At a time when screens of all sorts have kind of captured all squares of our lives, consumers are now tuning into audio to cut down on screen time. This has led to the audiobooks industry witnessing a rise in userbase. “In the last six months, we’ve seen a 5x rise in userbase to 25 million users. From an engagement standpoint we’ve registered two million listening minutes per month with a user spending 10 minutes on an average,” Rohan Nayak, co-founder, Pocket FM told BrandWagon Online.
To give perspective, the global audiobook market which was valued at $4 billion in 2020, is estimated to grow to $20 billion by 2030, as per industry experts. The Indian trade book market (excluding educational titles) is estimated to be anywhere between $500 million and $1 billion. “India has been the fastest growing market for audiobooks after the US and China. There has been an appetite for audiobooks even in our paid audiobooks segment. Since the pandemic, there has been a growth in people trying the service and continuing with service along with a higher level of exploration while the retention levels have stayed similar post lockdown, thereby accelerating the adoption of the category, bringing forward growth,” Shailesh Sawlani, country GM, Audible India, said. As per a recent study by EY-Parthenon and Association of Publishers in India, 8-10% of the publishing market is digital including both ebooks and audiobooks. Further, the study reveals that ebooks and audiobooks are expected to be critical growth drivers for the industry.
To leverage the rising footfall of Indian consumers, audiobooks platforms have been experimenting with the space by introducing new formats and broadening their library. For instance, Pocket FM’s move to launch audio fiction shows has played a big role in driving listenership. Similarly, Storytel has strengthened its regional library portfolio by including 11 languages. For Yogesh Dashrath, country manager, Storytel India, the platform’s paying audience comprises mostly of those who are interested in a regional book but are not comfortable or are unable to read it. “Our strategy has always been to focus on local content. When we launched the platform nearly four years back in India, we started with English, Hindi and Marathi. Now our content slate has grown to 11 languages. It has been challenging as most of the local books were not available in audiobook formats so we had to invest in growing the industry. Today, we have reached a point where users are opting for certain audiobooks rather than for their print version,” he added. Storytel claims that 75% of its userbase listens to regional audiobooks while the remaining 25% opt for English audiobooks.
With the rise in demand from the consumers side, platforms claim that the industry is growing from the supply side as well. Going beyond converting written books into audiobooks, authors have now started producing audio only books or audio-first books. “There has been a new trend where authors are warming up to writing audio content. Authors such as Anita Nair, Nikita Singh and Ravinder Singh have produced audio-only content. Kerala is one of our mature markets and in Malayalam language we have had authors release their books such as Rebecca and Kadalneelam, first in audiobook and later in paperback format,” Dashrath highlighted.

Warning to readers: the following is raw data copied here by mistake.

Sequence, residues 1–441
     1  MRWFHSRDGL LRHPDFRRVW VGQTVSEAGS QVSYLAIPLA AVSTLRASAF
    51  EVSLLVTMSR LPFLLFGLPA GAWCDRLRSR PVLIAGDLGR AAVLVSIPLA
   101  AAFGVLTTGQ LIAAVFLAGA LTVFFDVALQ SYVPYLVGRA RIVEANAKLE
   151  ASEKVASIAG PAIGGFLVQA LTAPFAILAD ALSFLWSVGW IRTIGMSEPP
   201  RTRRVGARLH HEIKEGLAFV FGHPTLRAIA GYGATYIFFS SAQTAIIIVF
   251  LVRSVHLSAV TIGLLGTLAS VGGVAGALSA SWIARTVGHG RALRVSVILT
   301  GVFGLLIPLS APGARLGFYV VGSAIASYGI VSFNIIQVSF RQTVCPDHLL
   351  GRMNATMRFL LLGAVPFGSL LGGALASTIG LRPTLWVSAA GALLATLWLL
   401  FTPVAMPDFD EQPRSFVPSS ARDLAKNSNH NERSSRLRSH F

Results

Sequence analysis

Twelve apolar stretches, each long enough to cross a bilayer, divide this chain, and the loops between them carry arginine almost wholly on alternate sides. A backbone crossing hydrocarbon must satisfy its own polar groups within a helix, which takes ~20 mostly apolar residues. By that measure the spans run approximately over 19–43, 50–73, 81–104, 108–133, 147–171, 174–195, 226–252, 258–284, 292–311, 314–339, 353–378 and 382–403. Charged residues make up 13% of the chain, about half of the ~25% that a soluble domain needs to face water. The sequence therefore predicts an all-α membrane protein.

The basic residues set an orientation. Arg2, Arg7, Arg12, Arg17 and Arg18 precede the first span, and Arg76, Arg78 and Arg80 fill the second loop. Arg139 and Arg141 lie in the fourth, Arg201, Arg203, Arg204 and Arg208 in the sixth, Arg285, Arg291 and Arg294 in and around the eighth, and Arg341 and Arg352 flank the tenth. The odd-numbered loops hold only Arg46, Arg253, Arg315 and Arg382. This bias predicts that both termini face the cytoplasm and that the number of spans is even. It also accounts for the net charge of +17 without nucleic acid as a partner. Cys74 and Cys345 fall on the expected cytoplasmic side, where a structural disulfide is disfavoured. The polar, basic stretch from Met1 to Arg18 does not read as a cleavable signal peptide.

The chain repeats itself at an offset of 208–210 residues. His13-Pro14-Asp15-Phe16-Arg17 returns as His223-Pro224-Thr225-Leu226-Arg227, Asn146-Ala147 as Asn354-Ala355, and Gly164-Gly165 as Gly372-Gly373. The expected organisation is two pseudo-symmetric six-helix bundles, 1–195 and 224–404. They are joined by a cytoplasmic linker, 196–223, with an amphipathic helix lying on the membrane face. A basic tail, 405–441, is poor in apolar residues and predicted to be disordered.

Meanwhile, Audible which offers Hindi and English content only played the game of relatability during lockdown by launching covid related audio series to increase their userbase. “Leveraging the rise in listenership during lockdown, we launched covid-related stories such as Kisse Lockdown Ke by Nilesh Mishra. Further, we saw the traction that the mythological genre was gaining and rolled out Suno Mahabharat by Devdutt Pattanaik. Globally, we launched Audible Sleep,” Sawlani revealed. Audible claims to have over 200,000 premium content while its free platform Audible Suno– consist of mostly Hindi content– has over 1,000 hours of content.
However, the industry is not without challenges. From raising awareness regarding the segment to encouraging consumers to pay for the audiobooks, the sector has roadblocks ahead of it. For instance, despite India being one of the largest countries to consume audiobooks, the per capita spends on books in India vis-a-vis other nations has been low. As per industry stakeholders, this amounts to high burn-rate for the platforms. While operating on a subscription based model currently, Pocket FM plans to diversify its revenue model in the coming years. “Our fundamental strategy is to focus towards making audiobooks a mainstream category in India. In the long term, we intend to have a multi-model revenue strategy which will include ad-monetisation as well as micro-payment monetisation in order to balance our burn rate,” Nayak said.